Both houses of Parliament have now passed the Commonwealth Nature Repair Bill 2023 (Bill). The Bill received the Governor’s assent on 11 December 2023. Plans to establish a national voluntary framework for projects to enhance or protect biodiversity was first introduced to the House of Representatives as the Nature Repair Market Bill (original Bill) on 29 March 2023 by Minister for the Environment and Water Tanya Plibersek (Minister).
See our previous article for an initial analysis of the original Bill.
The original Bill proposed a nature repair market for biodiversity offset certificates that could be purchased by developers as credits to ‘offset’ the environmental damage caused by development projects. This market has now been scrapped in a deal between Labor and the Greens, trading support for the Bill in exchange for the insertion of a water trigger clause into the Environment Protection and Biodiversity Conservation Act 1999 (EPBC Act) which will subject fracking projects to environmental assessment.
“Environmental offsetting purpose” is defined in the Bill as “the purpose of meeting an environmental offsetting requirement (however described) under a law of the Commonwealth, a State or a Territory including through an environmental offsetting measure" where an environmental offsetting measure is defined as including, but not being limited to,
a measure to offset or compensate for the impacts of an action or project (however described) on the environment that is:
(a) required as a condition of an approval, licence or permit (however described) under a law of the Commonwealth, a State or a Territory; or
(b) directly financed from a fund into which money is paid as a condition of an environmental approval, licence or permit (however described) under a law of the Commonwealth, a State or a Territory; or
(c) undertaken as required or agreed to under a penalty or enforceable undertaking imposed or accepted under a law of the Commonwealth, a State or a Territory.
The limitation is hoped to encourage private investment and philanthropic contributions towards the protection of nature and wildlife. The removal of offsets also reinforces the Federal Government’s “nature-positive” environmental policy, by only allowing the generation of certificates for activities that protect existing nature, rather than offsetting biodiversity impacts on a species or ecosystem elsewhere.
Subsequently, the biodiversity certificate market created under the Bill is no longer comparable to state-based offsets markets, such as the New South Wales biodiversity offsets scheme which allows the trading of biodiversity credits to offset the environmental impacts of development.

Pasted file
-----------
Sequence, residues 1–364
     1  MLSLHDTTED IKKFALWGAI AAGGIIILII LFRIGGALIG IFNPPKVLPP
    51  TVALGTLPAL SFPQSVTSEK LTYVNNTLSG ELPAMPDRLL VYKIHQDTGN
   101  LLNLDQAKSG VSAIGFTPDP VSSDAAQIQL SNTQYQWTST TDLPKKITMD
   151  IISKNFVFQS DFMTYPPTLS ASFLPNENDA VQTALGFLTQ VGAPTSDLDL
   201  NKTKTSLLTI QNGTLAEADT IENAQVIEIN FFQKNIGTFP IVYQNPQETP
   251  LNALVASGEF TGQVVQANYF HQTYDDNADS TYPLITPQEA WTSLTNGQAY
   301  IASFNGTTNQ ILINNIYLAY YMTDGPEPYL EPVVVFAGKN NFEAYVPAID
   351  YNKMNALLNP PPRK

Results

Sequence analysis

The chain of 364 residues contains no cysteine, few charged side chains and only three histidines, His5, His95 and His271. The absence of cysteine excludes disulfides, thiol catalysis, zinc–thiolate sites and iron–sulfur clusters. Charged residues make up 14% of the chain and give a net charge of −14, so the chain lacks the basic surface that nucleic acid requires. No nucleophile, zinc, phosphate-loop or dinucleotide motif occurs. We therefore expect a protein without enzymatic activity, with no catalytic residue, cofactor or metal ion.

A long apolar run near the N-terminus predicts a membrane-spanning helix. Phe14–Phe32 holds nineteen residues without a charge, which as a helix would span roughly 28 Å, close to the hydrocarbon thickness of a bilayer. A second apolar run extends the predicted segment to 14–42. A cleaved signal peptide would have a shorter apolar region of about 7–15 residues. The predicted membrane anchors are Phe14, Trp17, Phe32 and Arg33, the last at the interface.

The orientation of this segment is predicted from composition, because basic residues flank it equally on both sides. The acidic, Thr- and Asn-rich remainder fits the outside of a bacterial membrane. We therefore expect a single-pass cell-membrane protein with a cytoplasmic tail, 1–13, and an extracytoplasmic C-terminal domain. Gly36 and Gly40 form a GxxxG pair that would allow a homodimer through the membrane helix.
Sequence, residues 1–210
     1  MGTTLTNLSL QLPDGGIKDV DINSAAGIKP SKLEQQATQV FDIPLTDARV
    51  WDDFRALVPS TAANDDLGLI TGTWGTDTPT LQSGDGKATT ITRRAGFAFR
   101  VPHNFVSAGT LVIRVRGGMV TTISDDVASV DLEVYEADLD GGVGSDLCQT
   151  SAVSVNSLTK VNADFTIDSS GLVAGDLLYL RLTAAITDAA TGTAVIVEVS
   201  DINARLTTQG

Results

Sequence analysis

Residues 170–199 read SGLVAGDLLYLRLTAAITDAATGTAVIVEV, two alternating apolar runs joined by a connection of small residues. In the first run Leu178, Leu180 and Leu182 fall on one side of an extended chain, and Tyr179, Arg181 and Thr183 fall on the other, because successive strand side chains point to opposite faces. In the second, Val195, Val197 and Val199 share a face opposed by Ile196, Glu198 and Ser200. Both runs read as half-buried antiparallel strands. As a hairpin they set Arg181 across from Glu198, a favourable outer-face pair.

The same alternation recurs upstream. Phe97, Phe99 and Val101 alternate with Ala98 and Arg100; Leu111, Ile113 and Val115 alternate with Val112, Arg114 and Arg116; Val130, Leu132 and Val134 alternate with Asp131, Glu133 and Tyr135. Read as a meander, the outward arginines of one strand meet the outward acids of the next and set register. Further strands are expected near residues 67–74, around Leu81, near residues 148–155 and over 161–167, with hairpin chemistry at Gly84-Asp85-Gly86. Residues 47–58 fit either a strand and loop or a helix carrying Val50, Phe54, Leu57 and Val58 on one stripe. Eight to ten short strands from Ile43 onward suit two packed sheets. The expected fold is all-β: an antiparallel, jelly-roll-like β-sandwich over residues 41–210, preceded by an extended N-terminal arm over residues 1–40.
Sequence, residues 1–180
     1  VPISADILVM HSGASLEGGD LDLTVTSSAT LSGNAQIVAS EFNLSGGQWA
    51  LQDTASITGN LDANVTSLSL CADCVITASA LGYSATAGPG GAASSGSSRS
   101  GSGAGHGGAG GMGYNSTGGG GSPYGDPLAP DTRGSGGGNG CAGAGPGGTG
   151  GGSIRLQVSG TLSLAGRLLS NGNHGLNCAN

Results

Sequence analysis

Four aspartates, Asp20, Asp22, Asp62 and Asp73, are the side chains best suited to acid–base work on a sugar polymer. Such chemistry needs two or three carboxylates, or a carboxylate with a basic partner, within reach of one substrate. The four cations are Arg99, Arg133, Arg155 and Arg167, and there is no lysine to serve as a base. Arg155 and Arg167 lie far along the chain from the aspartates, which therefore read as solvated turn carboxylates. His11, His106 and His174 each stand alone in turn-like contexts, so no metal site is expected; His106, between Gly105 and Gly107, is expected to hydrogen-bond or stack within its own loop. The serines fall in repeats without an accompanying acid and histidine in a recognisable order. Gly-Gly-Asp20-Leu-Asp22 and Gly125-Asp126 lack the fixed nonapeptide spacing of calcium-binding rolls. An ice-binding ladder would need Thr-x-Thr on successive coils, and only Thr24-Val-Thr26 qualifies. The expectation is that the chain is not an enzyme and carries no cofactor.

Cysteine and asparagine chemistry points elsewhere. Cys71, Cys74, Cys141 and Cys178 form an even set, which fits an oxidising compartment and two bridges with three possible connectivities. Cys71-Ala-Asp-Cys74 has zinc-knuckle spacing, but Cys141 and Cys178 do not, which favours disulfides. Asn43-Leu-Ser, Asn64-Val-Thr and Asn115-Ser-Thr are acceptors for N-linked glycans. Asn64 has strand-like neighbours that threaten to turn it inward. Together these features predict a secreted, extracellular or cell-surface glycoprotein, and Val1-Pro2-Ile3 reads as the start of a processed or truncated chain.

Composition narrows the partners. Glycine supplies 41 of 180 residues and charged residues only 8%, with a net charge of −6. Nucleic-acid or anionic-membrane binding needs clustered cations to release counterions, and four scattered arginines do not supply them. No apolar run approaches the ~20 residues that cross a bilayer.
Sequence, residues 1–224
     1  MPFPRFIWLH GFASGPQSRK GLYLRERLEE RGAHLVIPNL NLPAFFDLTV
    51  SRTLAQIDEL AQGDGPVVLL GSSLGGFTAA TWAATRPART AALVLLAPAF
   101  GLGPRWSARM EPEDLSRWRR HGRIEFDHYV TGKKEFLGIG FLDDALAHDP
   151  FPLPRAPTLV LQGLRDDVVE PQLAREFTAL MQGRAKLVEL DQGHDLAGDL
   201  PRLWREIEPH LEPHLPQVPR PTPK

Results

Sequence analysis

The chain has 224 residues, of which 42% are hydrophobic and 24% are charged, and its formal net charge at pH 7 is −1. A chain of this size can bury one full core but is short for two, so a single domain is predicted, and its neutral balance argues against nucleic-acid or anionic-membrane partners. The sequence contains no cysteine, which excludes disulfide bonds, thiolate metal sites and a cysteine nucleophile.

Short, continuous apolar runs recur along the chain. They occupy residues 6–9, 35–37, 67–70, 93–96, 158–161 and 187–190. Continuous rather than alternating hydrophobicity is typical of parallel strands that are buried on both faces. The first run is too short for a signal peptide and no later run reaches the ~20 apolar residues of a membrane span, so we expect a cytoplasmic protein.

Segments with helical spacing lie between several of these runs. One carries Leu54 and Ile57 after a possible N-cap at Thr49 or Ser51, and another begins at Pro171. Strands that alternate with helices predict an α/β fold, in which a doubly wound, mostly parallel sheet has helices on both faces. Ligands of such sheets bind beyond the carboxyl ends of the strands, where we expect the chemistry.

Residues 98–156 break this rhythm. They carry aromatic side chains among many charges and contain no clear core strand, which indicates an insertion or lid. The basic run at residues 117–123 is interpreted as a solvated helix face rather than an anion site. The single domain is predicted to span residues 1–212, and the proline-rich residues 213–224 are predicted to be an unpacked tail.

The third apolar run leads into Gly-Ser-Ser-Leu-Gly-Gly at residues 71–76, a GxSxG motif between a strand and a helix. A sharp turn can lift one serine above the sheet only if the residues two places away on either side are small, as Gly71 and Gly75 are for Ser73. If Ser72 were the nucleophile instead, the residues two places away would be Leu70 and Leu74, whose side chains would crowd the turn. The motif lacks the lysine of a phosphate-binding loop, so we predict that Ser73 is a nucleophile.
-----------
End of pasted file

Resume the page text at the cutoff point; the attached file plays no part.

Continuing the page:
The original Bill was also amended to remove the term “market” from the Bill, although it will still operate as a market wherein biodiversity certificates can be traded between landholders, businesses, governments and individuals.
Rules for the operation of the market and details concerning methodology determinations will need to be drafted in order for the market to become operational in mid-2024 as planned by the Federal Government. As noted in our previous article, the Clean Energy Regulator will endeavour to align carbon and biodiversity markets to make participation in both schemes easier for landholders. The rules for the operation of the market will clarify the extent to which projects can qualify for both carbon and biodiversity co-benefits.
The new scheme will not permit developers to trade credits to offset the impacts of habitat destruction as part of their projects. Developers will need to rely on state-based schemes in respect of their offset obligations.
Removing this source of demand will likely reduce overall demand for biodiversity certificates, which could disincentivise landholders from participating in the scheme if the market is not robust. The National Farmers Federation has commented that the Bill is weaker than anticipated with the removal of offsets, and that this exclusion is peculiar given the permissibility of offsets under the EPBC Act as well as the proposed new Nature Positive laws currently the subject of consultation.
Organisations may seek to purchase certificates to meet their ESG targets, as well as philanthropists, and other businesses and stakeholders who see value in the investment into this emerging market. A potential source of demand in the voluntary market may be the Taskforce on Nature-related Financial Disclosures (TNFD) Recommendations and Additional Guidance – finalised in September this year – a voluntary framework to help organisations report and act on nature-related issues and shift towards nature-positive outcomes.
As part of the TNFD recommendations, organisations are encouraged to disclose how the organisation identifies, assesses and prioritises nature-related dependencies, including opportunities. Voluntary disclosures under the TNFD framework could cultivate another source of demand for biodiversity certificates as companies are put under increased investor pressure to focus on nature-related risks. However, given the scheme is voluntary, it seems unlikely that TNFD alone will generate sufficient demand for the nature repair market without significant government investment.
This article was written with the assistance of Isabella Rodgers, Seasonal Clerk.
Be the first to receive the latest articles, news and publications.
The High Court has delivered its decision in Harvey v Minister for Primary Industries and Resources  HCA 1.
Treasury has released an exposure draft of its CRFD legislation for public comment. This is the next step towards introducing mandatory and standardised CRFD for medium and large listed and...
This short Q&A explains what is in the 12 January 2024 exposure draft legislation.